Look at the human/life values in the frame: At the basic levels, we see drinking and obesity – threats to health. The family is bullied by Biff Tannen, so economic security and ‘freedom from threat’ are under the cosh. The sister ‘can’t get a boyfriend’ – the chances of high quality genes propagating to the next generation are low and she is unfulfilled at the level of ‘love’ and ‘acceptance’. The father George is weak and riddled with self-doubt. Even Marty lacks self esteem (he doubts his musical ability). Even the time travel itself – the main adventure plot line – is presented as a threat, not simply because of its inherent dangers, but because it puts the future of the McFly gene pool in jeopardy. Marty and his siblings are being wiped out by his interference in past events.
It is these fundamental human values that resonate with us as an audience. By the end of the story what has changed? Marty’s journey, his experience and the actions he has taken mean that the family as a whole has climbed up a level of social achievement. All aspects of the home exude prestige and fulfillment. All the family members are healthy and slim. The parents are back from the country club where they’ve been playing golf; they radiate love, affection, togetherness and contentment. The house and cars ooze status and achievement. Biff has been subdued and is forced into subservience by an assertive and fulfilled father (his first book is published – a clear symbol of fulfillment if ever there was one!). The sister is fighting off multiple boyfriends. The brother is smartly and proudly heading off to his office profession. Marty gets the girl, thereby securing the next generation (indeed, we meet their kids in the sequel). The dragon is slain by the brave knight who ends the story in a luxurious kingdom and in the arms of his adoring princess.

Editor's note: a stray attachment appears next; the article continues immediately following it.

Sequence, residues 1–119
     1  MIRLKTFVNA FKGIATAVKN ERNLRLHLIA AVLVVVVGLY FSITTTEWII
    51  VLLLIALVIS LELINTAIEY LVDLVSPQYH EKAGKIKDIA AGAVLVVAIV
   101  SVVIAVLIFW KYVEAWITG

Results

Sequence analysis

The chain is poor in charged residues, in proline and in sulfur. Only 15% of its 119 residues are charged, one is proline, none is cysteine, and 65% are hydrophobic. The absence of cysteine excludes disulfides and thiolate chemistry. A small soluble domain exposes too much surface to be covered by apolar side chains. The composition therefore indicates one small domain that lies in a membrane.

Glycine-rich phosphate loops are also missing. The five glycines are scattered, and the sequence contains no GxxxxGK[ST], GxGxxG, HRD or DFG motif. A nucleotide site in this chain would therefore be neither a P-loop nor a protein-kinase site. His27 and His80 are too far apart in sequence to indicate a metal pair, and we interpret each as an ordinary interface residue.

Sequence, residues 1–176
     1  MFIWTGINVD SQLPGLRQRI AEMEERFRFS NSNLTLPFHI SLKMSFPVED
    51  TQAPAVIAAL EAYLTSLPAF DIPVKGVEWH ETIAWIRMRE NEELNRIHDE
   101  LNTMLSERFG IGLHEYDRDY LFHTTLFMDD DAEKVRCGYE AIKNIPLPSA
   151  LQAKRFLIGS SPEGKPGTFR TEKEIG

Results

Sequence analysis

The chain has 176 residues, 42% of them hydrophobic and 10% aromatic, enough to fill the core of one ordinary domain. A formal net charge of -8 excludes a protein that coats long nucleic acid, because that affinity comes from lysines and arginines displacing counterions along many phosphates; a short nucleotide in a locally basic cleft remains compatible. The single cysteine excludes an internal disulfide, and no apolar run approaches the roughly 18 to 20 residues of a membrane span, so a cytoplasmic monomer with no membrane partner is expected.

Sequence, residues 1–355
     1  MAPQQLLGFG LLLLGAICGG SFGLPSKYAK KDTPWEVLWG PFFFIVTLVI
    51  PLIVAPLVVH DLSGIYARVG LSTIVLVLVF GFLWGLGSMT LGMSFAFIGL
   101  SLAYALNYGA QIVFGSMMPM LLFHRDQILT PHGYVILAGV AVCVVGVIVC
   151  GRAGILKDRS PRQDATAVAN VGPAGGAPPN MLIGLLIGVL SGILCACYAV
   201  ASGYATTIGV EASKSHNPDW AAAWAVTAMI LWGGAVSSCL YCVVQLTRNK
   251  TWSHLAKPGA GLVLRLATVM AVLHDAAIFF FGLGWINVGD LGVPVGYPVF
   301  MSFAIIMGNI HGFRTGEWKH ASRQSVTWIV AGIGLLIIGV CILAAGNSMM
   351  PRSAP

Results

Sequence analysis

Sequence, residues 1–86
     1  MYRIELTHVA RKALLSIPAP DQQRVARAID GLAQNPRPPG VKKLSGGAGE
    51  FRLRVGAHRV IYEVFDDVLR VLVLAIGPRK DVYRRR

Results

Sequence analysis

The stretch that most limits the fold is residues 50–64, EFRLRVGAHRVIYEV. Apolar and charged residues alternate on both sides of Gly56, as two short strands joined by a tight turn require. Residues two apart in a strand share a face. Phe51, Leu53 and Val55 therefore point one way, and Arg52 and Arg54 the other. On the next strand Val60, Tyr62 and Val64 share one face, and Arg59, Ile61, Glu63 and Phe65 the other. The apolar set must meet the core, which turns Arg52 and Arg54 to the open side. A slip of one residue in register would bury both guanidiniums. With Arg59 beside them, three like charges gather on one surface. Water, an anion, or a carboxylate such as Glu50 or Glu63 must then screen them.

And the key moment that causes all these life changes? That single scene in which George is forced into making a key decision under pressure. Fight or flee... He overcomes his weakness, makes a fist... and lays Biff out with one punch. George had a life challenge - he changed and he grew - and his world improved for that. These are the factors that make this story a massive winner, not the time travel or the De Lorean or the crazy scientist and the rest of it. Character Growth and Learning is what resonates with a human audience.
We have only scratched the surface here. Do please feel free to contact me and I will be delighted to send you a chapter from The Story Book going into more detail on this or any other aspect of what gives a story a beating heart.
Best of luck with your stories!
David’s website http://www.baboulene.com
David’s Blog http://thescienceofstory.blogspot.com
Details of David’s Tour Page http://uk-and-beyond-book-tours.com/?p=232
Giveaway winners: Rahma and Tony Benson. Please send me your email id with your preferences; whether you would prefer the Ebook format or the Kindle format of The Story Book.
Thanks, David for the two informative posts and the prizes. And thank you everyone for participating.